As we’ve discussed before, AI researchers are an important constituency in determining how AI will develop as a political and strategic force (at least for now - see Jade Leung’s work, discussed in TiB 149, for why that might diminish over time). This new survey of leading machine researchers on how they think about AI governance and safety therefore makes for interesting reading. There’s a good Twitter thread summary here.
Some of the most interesting (and dispiriting) findings are about which institutions researchers trust to shape the future of AI in the public interest. The graphic here summarises this well. Overall confidence is low: the top rated institutions score around 2 on a 0-4 scale, with arguably the most powerful groups clustering around 1. It’s striking to see just how low trust is in Facebook. It scores much lower than Google, Apple and Microsoft and roughly in line with the big Chinese tech firms. I’d be fascinated to see data on whether these scores influence willingness to work for these companies.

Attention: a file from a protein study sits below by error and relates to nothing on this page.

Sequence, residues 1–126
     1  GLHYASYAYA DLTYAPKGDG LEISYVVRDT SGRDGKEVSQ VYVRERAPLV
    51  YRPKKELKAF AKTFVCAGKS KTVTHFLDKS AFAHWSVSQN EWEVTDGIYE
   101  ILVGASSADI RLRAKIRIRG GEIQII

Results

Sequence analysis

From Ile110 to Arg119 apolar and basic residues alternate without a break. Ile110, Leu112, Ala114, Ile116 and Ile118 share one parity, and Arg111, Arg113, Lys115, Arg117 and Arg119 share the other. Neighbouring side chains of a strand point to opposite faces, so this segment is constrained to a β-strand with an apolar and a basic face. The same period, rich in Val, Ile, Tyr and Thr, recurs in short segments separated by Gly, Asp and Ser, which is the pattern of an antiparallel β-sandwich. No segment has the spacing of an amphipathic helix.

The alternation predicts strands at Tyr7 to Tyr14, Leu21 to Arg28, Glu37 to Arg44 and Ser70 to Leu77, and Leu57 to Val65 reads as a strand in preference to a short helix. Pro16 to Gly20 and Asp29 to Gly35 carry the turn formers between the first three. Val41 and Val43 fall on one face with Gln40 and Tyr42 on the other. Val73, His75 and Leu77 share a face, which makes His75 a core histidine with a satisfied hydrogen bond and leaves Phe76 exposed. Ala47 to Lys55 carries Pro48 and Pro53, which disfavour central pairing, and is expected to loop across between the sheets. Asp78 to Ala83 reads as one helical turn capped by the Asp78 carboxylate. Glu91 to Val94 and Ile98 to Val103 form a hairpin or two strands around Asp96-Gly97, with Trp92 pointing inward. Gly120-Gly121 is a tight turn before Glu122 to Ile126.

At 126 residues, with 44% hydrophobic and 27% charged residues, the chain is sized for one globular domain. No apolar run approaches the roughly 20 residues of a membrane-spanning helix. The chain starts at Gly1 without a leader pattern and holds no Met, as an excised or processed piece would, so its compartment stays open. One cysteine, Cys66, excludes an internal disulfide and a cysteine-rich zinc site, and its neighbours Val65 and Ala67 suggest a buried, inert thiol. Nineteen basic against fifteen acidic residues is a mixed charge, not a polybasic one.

The survey also suggests that researchers are becoming more concerned about AI safety relative to a similar study from 2016. Their specific concerns, though, are interestingly different from those of the public. In particularly, as a group they seem to be much less worried about US/China competition, a topic we’ve discussed many times (see e.g. TiB 173). Unsurprisingly, home country is a significant variable for a number of questions, but perhaps less so than I expected. It will be interesting to see if and how this changes as strategic competition between the US and China intensifies.
What do we actually know about entrepreneurship?